Mistletoe and holly: A look at the myths and traditions of these holiday staples
A a close-up of 'Carnival' holly at Pride Nurseries in Butler. It's a Grace hybrid developed in the 1930-40s by Orlando S. Pride, for whom the nursery was named.
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For many years, throughout northern Europe, holly and mistletoe were prized during the bitter winter months for their evergreen character, symbolizing life and continuity in a period of hardness and want. Today, they have a cherished place as holiday greenery, brightening the winter holidays and the shortest days of the year.
Mistletoe is characterized by a distinctive forked branching habit, small leathery oval leaves and pearl white berries. It is hemiparasitic, meaning that it relies on a host plant for certain nutrients and water, but it is also capable of photosynthesis. In the wild, its host plant is a deciduous tree. Mistletoe often goes unnoticed, except in the winter months when it can be seen as a ball of green foliage among the high leafless branches of the host tree.
The juvenile plant grows by photosynthesis until its roots can penetrate the bark of the tree, drawing water, minerals and some nutrients. Unless the tree is unhealthy or heavily infested, mistletoe is unlikely to affect its health.. In fact, studies have shown that mistletoe enhances biodiversity by providing a year-round nesting place and a valuable winter food source for a wide array of birds. In a cunning bit of mutual advancement, the birds help to disperse the plant by ingesting the berries, then excreting or regurgitating the hard seed high in another tree.
Mistletoe's earliest traditions are in Norse mythology. The plant was considered poisonous because the beloved god Balder was killed by an arrow fashioned from mistletoe. The old legend has some wisdom for today. The berries are poisonous or at least likely to cause some gastric distress if eaten. When we hang a sprig of mistletoe, the leaves are real, but the berries are generally plastic. Better to compromise a holiday custom than to risk poisoning our pets and small children.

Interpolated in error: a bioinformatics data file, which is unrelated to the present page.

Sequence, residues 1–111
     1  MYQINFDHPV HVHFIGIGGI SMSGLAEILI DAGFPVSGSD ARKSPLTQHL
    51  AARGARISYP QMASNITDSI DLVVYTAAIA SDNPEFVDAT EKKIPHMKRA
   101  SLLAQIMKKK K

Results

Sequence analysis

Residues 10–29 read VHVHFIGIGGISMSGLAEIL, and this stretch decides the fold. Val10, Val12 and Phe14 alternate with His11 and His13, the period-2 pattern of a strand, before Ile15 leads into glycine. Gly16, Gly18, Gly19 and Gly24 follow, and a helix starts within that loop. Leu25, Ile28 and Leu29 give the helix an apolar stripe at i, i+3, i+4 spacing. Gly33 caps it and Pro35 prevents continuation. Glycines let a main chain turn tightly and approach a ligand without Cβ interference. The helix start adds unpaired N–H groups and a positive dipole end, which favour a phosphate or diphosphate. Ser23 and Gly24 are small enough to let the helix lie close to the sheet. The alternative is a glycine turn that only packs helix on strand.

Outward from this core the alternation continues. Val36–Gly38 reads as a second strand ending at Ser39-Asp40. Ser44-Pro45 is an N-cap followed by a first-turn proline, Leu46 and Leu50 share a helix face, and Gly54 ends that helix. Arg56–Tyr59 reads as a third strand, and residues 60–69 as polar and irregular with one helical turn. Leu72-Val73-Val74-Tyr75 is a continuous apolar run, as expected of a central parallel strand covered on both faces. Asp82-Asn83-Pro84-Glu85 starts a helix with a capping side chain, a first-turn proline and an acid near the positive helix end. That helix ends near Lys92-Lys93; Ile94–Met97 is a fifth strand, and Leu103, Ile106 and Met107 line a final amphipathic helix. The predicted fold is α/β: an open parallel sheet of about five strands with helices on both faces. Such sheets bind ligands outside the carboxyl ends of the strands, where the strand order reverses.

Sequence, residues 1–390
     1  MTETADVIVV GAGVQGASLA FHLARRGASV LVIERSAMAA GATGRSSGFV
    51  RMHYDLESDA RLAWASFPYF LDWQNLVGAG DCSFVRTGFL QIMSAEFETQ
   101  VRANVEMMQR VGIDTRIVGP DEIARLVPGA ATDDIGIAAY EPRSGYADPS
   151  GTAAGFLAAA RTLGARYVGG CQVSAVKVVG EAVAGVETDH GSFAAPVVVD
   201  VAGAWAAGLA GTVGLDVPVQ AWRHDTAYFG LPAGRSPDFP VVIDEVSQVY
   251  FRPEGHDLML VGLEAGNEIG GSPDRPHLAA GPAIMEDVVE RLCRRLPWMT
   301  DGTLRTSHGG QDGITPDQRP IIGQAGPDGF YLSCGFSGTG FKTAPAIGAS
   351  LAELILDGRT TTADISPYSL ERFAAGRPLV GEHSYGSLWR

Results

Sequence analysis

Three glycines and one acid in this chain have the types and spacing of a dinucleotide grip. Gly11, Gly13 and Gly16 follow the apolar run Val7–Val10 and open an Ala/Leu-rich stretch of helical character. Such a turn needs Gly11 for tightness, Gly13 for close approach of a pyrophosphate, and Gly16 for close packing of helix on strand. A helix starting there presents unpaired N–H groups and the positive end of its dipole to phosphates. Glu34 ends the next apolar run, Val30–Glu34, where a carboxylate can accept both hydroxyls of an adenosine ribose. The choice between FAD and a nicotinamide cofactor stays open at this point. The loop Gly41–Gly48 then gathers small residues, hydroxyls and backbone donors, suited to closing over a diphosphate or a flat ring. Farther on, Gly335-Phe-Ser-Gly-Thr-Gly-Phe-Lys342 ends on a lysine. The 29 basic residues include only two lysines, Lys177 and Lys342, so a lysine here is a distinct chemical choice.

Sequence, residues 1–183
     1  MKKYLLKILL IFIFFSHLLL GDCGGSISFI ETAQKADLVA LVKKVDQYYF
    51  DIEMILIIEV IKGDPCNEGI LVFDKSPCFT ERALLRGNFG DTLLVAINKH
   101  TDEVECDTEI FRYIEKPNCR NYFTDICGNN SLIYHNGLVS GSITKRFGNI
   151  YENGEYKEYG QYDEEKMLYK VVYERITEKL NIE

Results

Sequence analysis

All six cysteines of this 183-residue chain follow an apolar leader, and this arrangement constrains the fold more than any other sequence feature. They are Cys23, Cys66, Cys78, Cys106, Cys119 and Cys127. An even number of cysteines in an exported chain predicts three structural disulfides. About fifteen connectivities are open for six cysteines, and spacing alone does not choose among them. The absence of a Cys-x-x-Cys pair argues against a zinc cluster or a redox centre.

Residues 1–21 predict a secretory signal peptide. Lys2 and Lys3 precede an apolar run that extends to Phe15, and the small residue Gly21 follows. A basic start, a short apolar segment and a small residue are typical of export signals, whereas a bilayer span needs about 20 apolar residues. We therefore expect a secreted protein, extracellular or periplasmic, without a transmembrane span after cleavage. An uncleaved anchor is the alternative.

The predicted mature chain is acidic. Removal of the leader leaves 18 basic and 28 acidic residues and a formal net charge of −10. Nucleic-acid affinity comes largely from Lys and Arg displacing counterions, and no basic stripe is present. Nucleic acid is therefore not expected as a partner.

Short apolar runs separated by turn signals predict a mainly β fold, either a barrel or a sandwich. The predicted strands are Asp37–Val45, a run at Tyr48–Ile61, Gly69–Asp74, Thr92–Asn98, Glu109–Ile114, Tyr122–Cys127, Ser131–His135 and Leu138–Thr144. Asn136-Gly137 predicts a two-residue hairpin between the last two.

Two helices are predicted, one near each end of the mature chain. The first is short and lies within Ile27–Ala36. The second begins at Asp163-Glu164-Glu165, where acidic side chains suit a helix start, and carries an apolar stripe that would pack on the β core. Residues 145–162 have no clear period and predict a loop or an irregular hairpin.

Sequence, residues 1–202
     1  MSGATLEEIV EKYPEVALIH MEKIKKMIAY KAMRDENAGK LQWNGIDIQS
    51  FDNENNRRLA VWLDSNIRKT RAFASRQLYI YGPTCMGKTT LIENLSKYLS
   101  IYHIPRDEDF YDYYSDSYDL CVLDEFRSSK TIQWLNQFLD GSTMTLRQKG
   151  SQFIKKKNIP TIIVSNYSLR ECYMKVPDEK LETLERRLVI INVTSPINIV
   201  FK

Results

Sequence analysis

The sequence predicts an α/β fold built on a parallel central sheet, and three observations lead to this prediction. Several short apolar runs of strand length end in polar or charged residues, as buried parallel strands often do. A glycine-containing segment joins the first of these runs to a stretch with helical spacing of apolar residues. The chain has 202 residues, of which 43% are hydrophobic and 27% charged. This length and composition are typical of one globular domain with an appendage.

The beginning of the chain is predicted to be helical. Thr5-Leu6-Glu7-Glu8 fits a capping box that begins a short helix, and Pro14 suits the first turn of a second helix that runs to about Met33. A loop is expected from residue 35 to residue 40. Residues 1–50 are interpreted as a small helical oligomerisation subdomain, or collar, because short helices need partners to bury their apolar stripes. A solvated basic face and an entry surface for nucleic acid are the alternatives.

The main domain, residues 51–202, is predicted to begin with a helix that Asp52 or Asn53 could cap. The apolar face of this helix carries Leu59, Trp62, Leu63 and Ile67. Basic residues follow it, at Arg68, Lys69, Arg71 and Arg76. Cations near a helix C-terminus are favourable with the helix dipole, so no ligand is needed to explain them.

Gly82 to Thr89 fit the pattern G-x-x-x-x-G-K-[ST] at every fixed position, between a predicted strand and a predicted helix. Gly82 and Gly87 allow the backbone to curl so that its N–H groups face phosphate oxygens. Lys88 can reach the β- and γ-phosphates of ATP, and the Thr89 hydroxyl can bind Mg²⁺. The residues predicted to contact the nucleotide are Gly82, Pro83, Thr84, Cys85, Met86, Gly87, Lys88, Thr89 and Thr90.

We are all familiar with the custom of kissing under the mistletoe, and for many years the plant provided a harmless excuse for a public display of affection which would otherwise have been strictly taboo. Perhaps the fact that it is now socially acceptable to kiss in public has been a factor in mistletoe's declining popularity.
The American mistletoe industry is centered in Texas, and it is under particular stress due to the drought of the past two years. Mistletoe is harvested by means of a long hook, although many years ago it was customary to shoot it out of the tree with a gun.
Christmas holly belongs to the genus Ilex, which consists of more than 400 species, ranging from a 6-inch dwarf to a 70-foot tree. Depending on the species, holly berries may be red, orange, yellow or even black.
But the holly that says "Christmas" is most likely to be English holly (Ilex aquifolium) or American holly (I.opaca). The red berries and evergreen leaves with unmistakable spiny scalloped edges are emblematic of the holiday season.
Holly bears insignificant white cup-shaped flowers in spring and early summer. The plants are dioecious, meaning that they have either male or female flowers and only the female plant bears fruit. For best results, a male and female should be planted within 30 to 40 feet of each other. Newly planted holly may not bloom for several years, so be sure to purchase your plant from a reputable nursery that can assure you of its gender.
Hollies grow best in full sun and prefer moist well-drained soil. They will tolerate shade but will not grow to their full potential. Holly's natural growing habit is an attractive pyramidal shape, making it an ideal year round focal point in the garden.
Holly can be pruned during December, and the cuttings can be enjoyed throughout the holiday season. Holly leaves tend to drop if they are brought indoors, so it is best to use the cuttings outdoors. If holly is overgrown, some experts now recommend the "hat rack" method of pruning. This technique is considered inappropriate for pruning most trees but is a successful method used to rejuvenate holly. In late winter, cut the branches back by one-half to three- fourths. The result will indeed resemble a hat rackand will be a complete eyesore, but the plant will rebound fully in two to three years. Although reduced in size, the foliage will be far more abundant.
While no plant is completely deer-resistant, American holly and the Morris hollies named for John T. and Lydia Morris, donors of the Morris Arboretum in Philadelphia, are generally not browsed by deer.
As the lyrics for the famous Frank Sinatra song remind us, "It's time for mistletoe and holly!" Enjoy these two classic holiday plants during this festive season.
First Published December 22, 2012 12:00 am